The receiver is connected to a processor for calculating range to emitter 12. This processor 18 includes a Kalman filter having as an output KX and KY, which are coupled to a Kalman gain determining processor 20 that determines the Kalman gains associated with the Kalman filter processing. The Kalman gains are coupled to a unit 22 that in essence makes a plot of Kalman gain versus time. The Kalman gains along with the timeline are coupled to a unit 24 that determines which of the two Kalman gains, KX or KY, has the deeper minimum. Having determined which of the two Kalman gains has the deeper minimum, unit 26 is utilized to determine when, after a minimum, the selected Kalman gain is within a predetermined fraction or percentage of zero.
When the selected Kalman gain KX or KY is within a predetermined fraction or percentage of zero, a trigger is initiated to indicate that the range estimate from processor 18 is valid to a predetermined accuracy, in one embodiment 10%.
When the trigger is emitted from unit 26, the percent range error of range R from processor 18 is within the predetermined range error.
Note that processor 18 computes the range R based on the transverse bearing spread, TBS, which is the absolute difference between the true range and the range estimate multiplied by 100, then divided by the true range.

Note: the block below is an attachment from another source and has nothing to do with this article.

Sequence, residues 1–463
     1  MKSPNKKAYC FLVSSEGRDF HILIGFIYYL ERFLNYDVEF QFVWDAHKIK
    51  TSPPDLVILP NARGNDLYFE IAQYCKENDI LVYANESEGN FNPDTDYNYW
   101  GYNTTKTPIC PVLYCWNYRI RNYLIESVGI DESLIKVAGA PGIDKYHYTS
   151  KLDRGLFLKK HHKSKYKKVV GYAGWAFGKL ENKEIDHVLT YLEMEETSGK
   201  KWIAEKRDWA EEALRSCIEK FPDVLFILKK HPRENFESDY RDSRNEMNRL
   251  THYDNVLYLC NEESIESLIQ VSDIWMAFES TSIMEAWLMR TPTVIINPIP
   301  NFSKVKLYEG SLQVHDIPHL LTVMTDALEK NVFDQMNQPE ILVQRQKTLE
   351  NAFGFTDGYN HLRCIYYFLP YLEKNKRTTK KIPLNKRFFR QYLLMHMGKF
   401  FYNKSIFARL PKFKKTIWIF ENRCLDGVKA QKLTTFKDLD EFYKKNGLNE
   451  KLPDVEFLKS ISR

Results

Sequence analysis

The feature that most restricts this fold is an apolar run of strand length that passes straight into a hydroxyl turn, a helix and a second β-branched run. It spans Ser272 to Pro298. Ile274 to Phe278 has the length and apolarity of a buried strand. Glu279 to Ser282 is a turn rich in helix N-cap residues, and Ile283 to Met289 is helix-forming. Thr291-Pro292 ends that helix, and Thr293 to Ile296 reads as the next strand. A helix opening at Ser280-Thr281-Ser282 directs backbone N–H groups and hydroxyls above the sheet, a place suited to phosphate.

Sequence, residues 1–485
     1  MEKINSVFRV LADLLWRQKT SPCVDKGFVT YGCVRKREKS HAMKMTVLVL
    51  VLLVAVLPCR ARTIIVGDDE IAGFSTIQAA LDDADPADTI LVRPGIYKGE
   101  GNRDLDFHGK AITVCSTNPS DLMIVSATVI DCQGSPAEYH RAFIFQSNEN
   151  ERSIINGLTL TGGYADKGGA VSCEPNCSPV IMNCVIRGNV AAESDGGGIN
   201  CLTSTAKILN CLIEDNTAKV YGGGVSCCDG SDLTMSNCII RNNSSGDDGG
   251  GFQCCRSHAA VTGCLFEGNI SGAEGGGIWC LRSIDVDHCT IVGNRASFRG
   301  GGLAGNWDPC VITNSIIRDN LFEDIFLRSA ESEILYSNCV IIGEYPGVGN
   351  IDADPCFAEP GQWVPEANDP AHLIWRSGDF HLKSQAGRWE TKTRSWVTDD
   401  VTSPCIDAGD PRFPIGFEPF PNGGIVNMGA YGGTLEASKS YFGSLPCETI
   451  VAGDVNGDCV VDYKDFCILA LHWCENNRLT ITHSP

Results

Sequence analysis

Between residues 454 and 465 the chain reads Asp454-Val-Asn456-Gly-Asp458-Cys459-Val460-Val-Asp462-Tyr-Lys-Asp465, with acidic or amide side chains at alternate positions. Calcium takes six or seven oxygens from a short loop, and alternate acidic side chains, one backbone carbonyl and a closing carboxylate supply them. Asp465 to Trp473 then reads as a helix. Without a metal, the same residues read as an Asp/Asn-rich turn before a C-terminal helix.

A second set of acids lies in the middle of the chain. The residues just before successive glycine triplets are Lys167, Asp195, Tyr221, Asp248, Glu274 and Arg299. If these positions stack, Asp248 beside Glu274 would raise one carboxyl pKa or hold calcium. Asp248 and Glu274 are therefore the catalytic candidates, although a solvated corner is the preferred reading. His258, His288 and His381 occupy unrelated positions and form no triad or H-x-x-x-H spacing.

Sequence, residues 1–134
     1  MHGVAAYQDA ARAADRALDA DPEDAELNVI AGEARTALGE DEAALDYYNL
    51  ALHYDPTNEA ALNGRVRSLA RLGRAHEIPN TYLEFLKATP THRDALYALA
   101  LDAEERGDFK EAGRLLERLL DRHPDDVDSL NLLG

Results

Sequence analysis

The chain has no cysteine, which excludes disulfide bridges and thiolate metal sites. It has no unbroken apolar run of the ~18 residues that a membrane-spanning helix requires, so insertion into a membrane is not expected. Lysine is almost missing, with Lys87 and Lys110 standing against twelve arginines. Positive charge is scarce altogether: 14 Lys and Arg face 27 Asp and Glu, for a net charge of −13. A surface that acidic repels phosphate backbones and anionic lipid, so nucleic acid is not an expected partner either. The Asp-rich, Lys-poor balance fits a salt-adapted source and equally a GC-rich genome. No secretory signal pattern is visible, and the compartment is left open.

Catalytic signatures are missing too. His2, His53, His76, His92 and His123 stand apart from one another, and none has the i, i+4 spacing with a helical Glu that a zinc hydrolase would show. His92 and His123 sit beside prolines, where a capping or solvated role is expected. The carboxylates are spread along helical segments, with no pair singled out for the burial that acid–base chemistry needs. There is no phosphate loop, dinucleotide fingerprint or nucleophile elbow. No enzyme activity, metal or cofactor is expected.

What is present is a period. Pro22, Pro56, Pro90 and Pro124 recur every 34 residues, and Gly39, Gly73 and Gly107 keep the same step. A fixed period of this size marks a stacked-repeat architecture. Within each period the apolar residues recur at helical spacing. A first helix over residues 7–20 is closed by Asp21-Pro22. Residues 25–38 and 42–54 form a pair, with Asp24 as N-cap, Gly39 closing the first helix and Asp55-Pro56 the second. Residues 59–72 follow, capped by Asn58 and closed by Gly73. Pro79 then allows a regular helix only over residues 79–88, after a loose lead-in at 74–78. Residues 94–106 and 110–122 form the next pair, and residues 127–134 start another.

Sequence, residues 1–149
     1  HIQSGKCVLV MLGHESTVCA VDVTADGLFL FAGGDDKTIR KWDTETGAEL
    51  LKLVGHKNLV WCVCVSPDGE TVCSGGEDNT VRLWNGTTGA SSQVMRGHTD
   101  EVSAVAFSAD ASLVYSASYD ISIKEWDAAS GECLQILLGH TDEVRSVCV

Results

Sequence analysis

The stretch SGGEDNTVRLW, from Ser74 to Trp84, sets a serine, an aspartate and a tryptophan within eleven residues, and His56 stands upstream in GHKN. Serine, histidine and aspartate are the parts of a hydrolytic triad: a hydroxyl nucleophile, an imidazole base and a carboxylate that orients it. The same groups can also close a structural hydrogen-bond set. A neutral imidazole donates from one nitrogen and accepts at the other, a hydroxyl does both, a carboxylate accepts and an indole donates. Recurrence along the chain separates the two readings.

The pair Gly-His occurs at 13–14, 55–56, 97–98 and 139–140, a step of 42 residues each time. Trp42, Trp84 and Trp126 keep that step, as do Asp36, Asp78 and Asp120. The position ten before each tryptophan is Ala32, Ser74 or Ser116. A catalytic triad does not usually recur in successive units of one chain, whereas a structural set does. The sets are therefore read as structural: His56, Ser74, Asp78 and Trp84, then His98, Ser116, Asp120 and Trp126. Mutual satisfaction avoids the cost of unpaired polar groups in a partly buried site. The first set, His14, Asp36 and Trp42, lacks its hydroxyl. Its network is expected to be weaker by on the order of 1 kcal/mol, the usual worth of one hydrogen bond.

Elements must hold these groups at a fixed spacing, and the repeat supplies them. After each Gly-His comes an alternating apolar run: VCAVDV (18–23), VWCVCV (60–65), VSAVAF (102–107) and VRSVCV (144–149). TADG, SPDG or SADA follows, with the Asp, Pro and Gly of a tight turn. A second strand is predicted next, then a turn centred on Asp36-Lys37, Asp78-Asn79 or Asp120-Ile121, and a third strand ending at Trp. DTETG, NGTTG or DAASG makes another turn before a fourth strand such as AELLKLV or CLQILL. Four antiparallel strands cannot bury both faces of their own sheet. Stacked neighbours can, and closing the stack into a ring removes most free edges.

The following equations indicate the range calculation that is made by processor 18, noting that transverse bearing spread is used.
Here it can be seen that the measured sensor angles are AZ1 and AZ2 at times t1 and t2 along the flight path. The plane carrying antennas 14 and 16 travels a known distance via the onboard inertial navigation system, called the Baseleg (BL). The angle α is the “supplementary angle” to AZ2 and equals α=180−AZ2. The angle β equals 180 minus the sum of the interior angles in the triangle, and so β=180−[α+AZ1]. Applying the law of sines to include the desired parameter R2, one has the following expression.
Source code used in a preferred embodiment of the present invention is shown in Appendix “A.”
While the present invention has been described in connection with the preferred embodiments of the various figures, it is to be understood that other similar embodiments may be used or modifications or additions may be made to the described embodiment for performing the same function of the present invention without deviating therefrom. Therefore, the present invention should not be limited to any single embodiment, but rather construed in breadth and scope in accordance with the recitation of the appended claims.